Shawnee High School was put on lockdown Wednesday morning.

Deputies: Teen who reported bomb threat is culprit

A 16-year-old boy is now accused of leaving the bomb threat he reported finding Wednesday morning at Shawnee High School.

The student is charged with inducing panic and criminal mischief and is being held in the Clark County Juvenile Detention Facility, according to the Clark County Sheriff’s Office.

The 16-year-old reported at 9:30 a.m. he found the bomb threat written on a bathroom wall, which deputies said indicated there was a bomb in a locker at the school, 1675 E. Possum Road. The threat forced the evacuation of the school and led to the response of K-9 units from the Wright Patterson Air Force Base Explosive Disposal Unit, which did not find any devices. At 11 a.m., students and staff were allowed back inside.

FIRST REPORT (April 6)

The Clark County Sheriff’s Office is investigating a bomb threat was discovered on a bathroom wall that forced Shawnee High School to evacuate students for about two hours on Wednesday morning.

The threat was found about 9 a.m. on the second floor boys’ bathroom wall, according to Sheriff Gene Kelly. Students were evacuated to the football field and later placed in the nearby Student Athletic Center.

The threat indicated a bomb was left in a specific area of the school in a locker, Kelly said.

“Immediately, the Shawnee administration took the appropriate action, evacuating the school,” Kelly said.

The Sheriff’s Office sent multiple units and called the Wright-Patterson Air Force Base bomb-sniffing dog unit, which sent a large crew, including two dogs, to quickly inspect the area, Kelly said.

“With two dogs, were very quickly able to check the area identified with the threat,” Kelly said. “We’re so fortunate to have them close. They were here so quickly.”

The school has extensive drills to keep students safe, Shawnee senior Lukas Moore said. At first students didn’t think thought it wasn’t serious, he said, but quickly realized it wasn’t a drill. Students weren’t panicking and schools officials handled it well, Moore said.

“Once they said they were moving us into the SAC, that’s when we knew it was not a drill anymore,” Moore said.

Students returned to class at about 11 a.m. after law enforcement officials determined the threat wasn’t credible, Superintendent Gregg Morris said.

“It was a threat we wanted to investigate to ensure safety,” he said.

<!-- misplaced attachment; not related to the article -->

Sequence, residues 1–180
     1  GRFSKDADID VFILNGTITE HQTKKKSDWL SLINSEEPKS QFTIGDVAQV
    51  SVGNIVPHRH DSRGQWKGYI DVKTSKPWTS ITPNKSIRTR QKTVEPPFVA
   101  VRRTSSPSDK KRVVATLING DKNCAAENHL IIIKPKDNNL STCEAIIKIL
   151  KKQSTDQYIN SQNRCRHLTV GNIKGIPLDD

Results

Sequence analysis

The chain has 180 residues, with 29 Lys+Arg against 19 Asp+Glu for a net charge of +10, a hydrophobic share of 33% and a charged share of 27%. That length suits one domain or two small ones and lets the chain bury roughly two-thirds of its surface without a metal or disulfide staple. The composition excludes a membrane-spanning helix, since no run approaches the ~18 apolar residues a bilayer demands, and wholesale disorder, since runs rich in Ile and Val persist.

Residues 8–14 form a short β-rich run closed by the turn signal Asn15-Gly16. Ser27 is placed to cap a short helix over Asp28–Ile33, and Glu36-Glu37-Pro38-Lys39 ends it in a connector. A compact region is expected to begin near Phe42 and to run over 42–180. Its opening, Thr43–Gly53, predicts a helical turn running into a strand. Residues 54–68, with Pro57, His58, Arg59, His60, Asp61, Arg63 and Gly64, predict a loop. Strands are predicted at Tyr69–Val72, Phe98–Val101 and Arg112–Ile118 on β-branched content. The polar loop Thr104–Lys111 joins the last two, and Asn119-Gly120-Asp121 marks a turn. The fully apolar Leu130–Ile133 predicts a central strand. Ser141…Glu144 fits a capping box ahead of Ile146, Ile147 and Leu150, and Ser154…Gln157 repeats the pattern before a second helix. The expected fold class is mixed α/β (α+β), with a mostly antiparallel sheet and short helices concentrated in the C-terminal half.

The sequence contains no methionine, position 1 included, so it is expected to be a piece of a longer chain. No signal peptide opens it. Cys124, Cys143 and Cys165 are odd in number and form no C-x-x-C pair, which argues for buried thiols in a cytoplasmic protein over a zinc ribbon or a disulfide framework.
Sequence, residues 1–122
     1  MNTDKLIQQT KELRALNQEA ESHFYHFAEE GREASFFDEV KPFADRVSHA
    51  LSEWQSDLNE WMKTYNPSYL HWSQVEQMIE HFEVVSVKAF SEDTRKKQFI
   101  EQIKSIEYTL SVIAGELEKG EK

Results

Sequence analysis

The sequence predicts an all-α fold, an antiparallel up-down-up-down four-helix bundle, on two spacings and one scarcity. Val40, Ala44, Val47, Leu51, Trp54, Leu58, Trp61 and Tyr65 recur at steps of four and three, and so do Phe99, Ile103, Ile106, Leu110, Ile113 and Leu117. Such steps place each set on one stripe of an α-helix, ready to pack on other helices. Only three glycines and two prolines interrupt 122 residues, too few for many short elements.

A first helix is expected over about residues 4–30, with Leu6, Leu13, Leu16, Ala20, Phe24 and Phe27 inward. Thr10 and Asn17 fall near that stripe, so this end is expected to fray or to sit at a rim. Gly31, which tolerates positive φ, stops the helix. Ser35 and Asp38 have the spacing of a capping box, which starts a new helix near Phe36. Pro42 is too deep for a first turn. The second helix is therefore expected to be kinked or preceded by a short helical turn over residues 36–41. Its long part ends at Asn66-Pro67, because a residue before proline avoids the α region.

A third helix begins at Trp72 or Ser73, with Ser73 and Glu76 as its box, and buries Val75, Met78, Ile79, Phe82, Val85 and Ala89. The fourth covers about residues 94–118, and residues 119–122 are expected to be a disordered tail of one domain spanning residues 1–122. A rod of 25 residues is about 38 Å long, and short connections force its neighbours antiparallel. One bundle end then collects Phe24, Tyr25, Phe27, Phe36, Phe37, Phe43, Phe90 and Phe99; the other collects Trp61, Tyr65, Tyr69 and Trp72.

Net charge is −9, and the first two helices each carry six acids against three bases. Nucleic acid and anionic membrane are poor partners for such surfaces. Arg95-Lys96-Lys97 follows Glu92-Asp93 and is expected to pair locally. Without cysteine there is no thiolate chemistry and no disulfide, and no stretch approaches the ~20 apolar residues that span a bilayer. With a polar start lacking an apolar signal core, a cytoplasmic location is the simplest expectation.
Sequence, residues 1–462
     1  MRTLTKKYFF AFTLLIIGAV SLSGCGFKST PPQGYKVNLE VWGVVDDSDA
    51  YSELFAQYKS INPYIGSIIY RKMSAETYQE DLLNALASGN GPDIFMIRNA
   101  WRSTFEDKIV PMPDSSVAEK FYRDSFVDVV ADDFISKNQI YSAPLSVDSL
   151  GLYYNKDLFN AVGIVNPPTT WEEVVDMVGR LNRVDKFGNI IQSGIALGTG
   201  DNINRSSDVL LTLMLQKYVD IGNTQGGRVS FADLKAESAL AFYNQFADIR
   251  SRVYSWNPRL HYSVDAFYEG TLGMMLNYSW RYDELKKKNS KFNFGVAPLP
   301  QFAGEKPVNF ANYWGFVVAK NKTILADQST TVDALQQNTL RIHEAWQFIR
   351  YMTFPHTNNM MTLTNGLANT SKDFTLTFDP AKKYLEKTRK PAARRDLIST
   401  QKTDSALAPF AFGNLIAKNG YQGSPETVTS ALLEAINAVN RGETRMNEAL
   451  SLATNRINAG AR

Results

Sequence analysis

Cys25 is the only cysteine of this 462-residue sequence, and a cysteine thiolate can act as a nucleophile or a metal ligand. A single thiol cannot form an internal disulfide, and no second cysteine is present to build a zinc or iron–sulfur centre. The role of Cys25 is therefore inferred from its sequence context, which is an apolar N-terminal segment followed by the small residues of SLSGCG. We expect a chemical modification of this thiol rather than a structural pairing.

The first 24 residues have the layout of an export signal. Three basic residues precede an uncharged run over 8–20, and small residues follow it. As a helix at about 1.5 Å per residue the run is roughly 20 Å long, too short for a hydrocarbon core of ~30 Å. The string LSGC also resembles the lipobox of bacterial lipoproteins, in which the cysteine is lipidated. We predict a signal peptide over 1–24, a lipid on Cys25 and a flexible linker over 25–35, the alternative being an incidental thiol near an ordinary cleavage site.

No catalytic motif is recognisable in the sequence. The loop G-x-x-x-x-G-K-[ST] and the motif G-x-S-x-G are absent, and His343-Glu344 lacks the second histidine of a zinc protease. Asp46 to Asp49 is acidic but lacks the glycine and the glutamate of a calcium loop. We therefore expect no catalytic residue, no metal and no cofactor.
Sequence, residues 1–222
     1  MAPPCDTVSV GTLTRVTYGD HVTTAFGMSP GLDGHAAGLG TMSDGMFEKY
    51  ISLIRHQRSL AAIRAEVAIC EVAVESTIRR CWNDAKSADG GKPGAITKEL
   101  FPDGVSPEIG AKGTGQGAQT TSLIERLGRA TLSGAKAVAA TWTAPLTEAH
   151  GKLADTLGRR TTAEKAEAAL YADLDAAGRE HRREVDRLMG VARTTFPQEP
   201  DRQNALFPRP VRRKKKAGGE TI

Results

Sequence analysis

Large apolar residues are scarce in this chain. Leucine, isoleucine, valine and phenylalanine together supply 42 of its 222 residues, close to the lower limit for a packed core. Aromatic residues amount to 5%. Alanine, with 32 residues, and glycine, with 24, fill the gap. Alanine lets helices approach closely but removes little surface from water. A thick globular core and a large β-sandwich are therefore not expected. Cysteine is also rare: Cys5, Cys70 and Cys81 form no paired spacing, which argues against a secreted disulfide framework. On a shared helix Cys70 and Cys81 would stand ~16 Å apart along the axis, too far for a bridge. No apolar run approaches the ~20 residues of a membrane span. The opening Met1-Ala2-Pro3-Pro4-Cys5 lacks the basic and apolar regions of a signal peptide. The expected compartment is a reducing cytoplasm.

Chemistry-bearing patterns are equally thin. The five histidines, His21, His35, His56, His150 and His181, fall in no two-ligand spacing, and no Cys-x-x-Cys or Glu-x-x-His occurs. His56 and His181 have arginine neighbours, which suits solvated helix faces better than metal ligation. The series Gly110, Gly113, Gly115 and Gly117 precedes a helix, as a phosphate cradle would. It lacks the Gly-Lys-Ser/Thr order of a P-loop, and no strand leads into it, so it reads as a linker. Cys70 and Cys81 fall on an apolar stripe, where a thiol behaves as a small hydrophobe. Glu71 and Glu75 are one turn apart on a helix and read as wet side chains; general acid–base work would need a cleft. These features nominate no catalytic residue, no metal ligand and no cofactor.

This was the first time this school year the high school was evacuated for a threat, Morris said. However Rockway School was evacuated last October after a report of a bomb threat that was later determined to not be credible.

The sheriff’s office was reviewing video footage from inside the school and interviewing students as part of the investigation Wednesday afternoon.

“Every threat is taken to the highest level to make sure that our schools are safe places for our children,” Kelly said. “We’re not going to stop until we resolve this.”

The individuals responsible will be charged if they’re identified, Kelly said.

“Parents and students alike need to understand that these are crimes,” Kelly said. “This type of inducement indicating that a bomb is present is something that’s criminal. If you’re located and identified, you’re going to be charged. These are serious crimes.”

Students should be reprimanded, Moore said, but it shouldn’t be too severe.

The threats are becoming so common, students aren’t taking them seriously at school, Moore said. However, students are better prepared than they were two years ago.

“I don’t understand why people do that,” Moore said. “Kids get caught over and over again. I don’t know if they think it’s funny or what.”

The Clark County Sheriff’s Office responded to a record number of threats at area schools in 2015, eight times in the 2014-2015 school year.

Last October two separate threats were discovered at Tecumseh High School. In one of the threats, the sheriff’s department and bomb-sniffing dogs from Wright-Patterson Air Force Base and Dayton Airport Police responded, costing about $14,000 in man hours lost, school leaders said.

A 12-year-old Tecumseh Middle School student was charged with inducing panic and criminal mischief last month after writing a threat on the bathroom wall. The lock-down marked the third time in the previous weeks students had to shelter in place at the middle school.